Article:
Resolute Energy (REN) CEO Nicholas Sutton on Q2 2014 Results - Earnings Call Transcript

Aug.13.14 | About: Resolute Energy (REN)

Resolute Energy Corporation (NYSE:REN)

Q4 2014 Earnings Conference Call

August 12, 2014 04:30 pm ET

Executives

Nick Sutton – Chief Executive Officer

Ted Gazulis – Executive Vice President & Chief Financial Officer

Michael Stefanoudakis – Senior Vice President & General Counsel

Analysts

Ron Mills – Johnson Rice & Company

Jason Wangler – Wunderlich Securities

John Freeman – Raymond James

Ryan Oatman – SunTrust Robinson Humphrey

Jeff Robertson – Barclays

Richard Tullis – Capital One

Jeff Grampp – Northland Capital Markets

Noel Parks – Ladenburg Thalmann & Co.

Andrew Smith – Global Hunter Securities

[William Tiji – Bedo Capital]

Operator

Good afternoon and welcome to the Resolute Energy Corporation’s Q2 2014 Earnings Conference Call. (Operator instructions.) Please note this event is being recorded. I would now like to turn the conference over to Michael Stefanoudakis. Please go ahead, sir.

Michael Stefanoudakis

Good afternoon, everyone. My name is Michael Stefanoudakis. I’m the Senior Vice President and General Counsel of Resolute. I’d like to read the forward-looking statement before turning the call over to Nick Sutton, our Chairman and CEO.

This investor conference call includes forward-looking statements within the meaning of the Safe Harbor Provisions of the United States Private Securities Litigation Reform Act of 1995. Words such as “expect,” “estimate,” “project,” “budget,” “forecast,” “anticipate,” “intend,” “plan,” “may,” “will,” “could,” “should,” “poised,” “believe,” “predict,” “potential,” “continue,” and similar expressions are intended to identify such forward-looking statements.

Forward-looking statements in this conference call include matters that involve known and unknown risks, uncertainties and other factors that could cause actual results, levels of activity, performance or achievements to differ materially from results expressed or implied from this investor conference call. You are cautioned not to place undue reliance on these forward-looking statements which speak only as of the date of this investor conference call.

A listing of the material risk factors faced by Resolute appear in our Form 10(k) and is updated periodically in the Form 10(q)s and other public filings. At this time I’d like to turn the call over to Nick Sutton, our Chairman and CEO.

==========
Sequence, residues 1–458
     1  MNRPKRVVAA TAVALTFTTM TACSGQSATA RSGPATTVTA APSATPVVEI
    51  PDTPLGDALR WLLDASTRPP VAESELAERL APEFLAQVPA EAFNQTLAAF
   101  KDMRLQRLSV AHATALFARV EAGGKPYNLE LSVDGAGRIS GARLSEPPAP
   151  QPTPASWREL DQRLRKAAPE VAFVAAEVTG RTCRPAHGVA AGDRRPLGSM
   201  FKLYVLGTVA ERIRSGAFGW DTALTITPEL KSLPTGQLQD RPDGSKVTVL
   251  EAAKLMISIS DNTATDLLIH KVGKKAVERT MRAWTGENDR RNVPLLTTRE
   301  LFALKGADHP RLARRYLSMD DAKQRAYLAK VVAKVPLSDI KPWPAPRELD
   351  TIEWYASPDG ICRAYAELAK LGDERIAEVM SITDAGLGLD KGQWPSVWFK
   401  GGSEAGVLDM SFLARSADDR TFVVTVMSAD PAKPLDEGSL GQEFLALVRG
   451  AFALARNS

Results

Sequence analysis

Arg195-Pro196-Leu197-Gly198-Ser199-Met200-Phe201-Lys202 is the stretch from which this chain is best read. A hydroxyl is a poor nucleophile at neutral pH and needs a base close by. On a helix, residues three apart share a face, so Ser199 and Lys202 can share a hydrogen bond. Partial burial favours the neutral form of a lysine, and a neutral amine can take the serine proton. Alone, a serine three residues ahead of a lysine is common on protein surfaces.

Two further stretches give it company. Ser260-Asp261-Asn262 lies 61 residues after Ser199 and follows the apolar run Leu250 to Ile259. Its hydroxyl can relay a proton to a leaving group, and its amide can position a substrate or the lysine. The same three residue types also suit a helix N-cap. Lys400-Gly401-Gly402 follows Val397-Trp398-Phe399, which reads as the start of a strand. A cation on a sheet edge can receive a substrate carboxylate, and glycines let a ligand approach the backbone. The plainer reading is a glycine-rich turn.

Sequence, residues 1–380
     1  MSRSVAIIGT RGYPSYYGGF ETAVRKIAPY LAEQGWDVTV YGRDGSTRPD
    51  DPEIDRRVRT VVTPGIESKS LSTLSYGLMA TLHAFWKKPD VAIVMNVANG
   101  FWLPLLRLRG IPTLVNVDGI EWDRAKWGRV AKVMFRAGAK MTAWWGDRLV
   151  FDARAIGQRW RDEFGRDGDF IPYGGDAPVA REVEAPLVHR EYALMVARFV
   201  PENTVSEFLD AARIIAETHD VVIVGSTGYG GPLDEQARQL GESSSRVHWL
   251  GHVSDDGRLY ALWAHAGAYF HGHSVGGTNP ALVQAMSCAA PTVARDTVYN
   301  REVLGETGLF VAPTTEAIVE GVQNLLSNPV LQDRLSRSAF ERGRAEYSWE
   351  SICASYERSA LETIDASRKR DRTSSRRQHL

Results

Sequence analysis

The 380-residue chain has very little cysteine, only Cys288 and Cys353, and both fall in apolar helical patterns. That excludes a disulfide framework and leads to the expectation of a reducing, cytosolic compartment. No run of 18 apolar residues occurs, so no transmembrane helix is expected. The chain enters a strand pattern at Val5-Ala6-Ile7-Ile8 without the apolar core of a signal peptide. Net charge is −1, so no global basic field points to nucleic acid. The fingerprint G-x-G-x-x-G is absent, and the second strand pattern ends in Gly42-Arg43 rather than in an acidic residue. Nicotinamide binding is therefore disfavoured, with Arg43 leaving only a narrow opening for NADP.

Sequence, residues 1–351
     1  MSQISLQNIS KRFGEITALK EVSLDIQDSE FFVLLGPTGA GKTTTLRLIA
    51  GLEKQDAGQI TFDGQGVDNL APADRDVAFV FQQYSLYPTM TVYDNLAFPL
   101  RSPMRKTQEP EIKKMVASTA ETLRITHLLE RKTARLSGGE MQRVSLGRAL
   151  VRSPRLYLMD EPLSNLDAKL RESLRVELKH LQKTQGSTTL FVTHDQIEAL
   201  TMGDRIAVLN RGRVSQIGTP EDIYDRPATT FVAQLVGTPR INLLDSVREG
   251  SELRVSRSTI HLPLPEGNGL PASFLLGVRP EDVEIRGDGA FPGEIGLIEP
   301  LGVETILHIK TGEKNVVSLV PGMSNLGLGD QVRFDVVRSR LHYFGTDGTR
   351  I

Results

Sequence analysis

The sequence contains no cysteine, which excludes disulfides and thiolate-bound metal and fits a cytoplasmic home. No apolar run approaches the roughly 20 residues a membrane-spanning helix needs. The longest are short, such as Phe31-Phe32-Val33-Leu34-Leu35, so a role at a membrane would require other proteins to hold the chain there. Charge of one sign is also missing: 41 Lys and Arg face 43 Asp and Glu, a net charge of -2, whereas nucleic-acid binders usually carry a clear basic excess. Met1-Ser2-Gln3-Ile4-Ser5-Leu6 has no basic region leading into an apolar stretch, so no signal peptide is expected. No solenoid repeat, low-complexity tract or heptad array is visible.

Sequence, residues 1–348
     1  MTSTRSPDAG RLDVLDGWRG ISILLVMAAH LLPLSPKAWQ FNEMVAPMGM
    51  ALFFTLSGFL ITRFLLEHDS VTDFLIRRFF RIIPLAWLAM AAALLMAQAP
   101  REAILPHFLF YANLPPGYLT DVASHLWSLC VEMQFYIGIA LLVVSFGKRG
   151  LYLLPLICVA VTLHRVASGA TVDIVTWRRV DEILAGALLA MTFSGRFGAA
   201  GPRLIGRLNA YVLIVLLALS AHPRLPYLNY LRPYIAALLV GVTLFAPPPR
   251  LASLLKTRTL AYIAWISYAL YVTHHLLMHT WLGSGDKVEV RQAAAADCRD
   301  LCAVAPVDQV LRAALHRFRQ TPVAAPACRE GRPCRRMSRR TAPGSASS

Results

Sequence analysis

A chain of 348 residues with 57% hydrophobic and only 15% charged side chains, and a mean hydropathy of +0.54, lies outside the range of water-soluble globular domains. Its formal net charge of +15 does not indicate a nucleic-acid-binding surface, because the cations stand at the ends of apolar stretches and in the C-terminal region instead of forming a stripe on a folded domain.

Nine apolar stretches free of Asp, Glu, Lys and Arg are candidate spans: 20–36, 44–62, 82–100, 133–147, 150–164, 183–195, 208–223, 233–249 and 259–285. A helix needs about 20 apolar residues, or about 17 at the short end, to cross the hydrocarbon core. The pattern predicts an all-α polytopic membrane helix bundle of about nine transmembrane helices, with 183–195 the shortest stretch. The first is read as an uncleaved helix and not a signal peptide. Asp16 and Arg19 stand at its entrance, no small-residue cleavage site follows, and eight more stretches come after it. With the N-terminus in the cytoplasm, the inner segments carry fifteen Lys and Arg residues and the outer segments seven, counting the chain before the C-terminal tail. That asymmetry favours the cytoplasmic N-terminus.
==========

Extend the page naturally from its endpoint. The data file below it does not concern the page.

Nick Sutton

Thank you, Michael. Good afternoon and welcome to Resolute’s Q2 Earnings Conference Call. You’ve had an opportunity to read our press release that went out late yesterday afternoon so I will limit my comments to the most significant aspects of our business. Ted will give you an overview of our financial performance and then we will open the call for Q&A.

Keeping this discussion at the 30,000 ft. level, at the outset let me say that in my opinion a focus on the period-to-period comparative metrics runs the risk of missing the point of our quarter. Recall that we sold our North Dakota properties so our production and our revenues started in the deficit position relative to prior periods. If we look at production from current operations, for the six months ended June 30 production was almost 9% higher than the same period last year.

We also experienced some unanticipated delays in bringing wells on production in the Permian Basin but we are building significant momentum with our horizontal drilling programs in both the Permian and Powder River Basins.

In the Delaware Basin in Reeves County, Texas, we have four wells in various stages of drilling, completion or flow back. The Harrison State well was completed on June 27 with a 21-stage frac. Because of high pressures we have been bringing this well online in a very conservative manner, walking the choke size up in small increments such that even now, some 43 days after initiating flow back, we are on a 24/64 [cinch] choke and seeing flowing casing pressure of more than 2800 lbs. Even under this conservative operating scenario we have seen a 24-hour peak IP rate of 1312 Boe per day based on a calculation of three stream production. We think this well is showing the potential to be a great well.

Just as last week we finished completing our first 7500 ft. lateral in the Delaware Basin. The Renegade 0302BH was a 31-stage frac that put away 9 million lbs. of sand. Plugs were drilled out; flow backs started on Sunday and I was just informed that on this third day of flow back the Renegade has started to cut oil at a current rate of 5 barrels per hour. I think that’s a pretty darn good start.

Our second 7500 ft. lateral, the Steamworks 0301BH, currently is drilling ahead in the lateral portion of the well bore. We expect to complete that well later this month along with the James021 401H. In other words, barring some unforeseen event by late this month or early next month all four of these wells could be in production.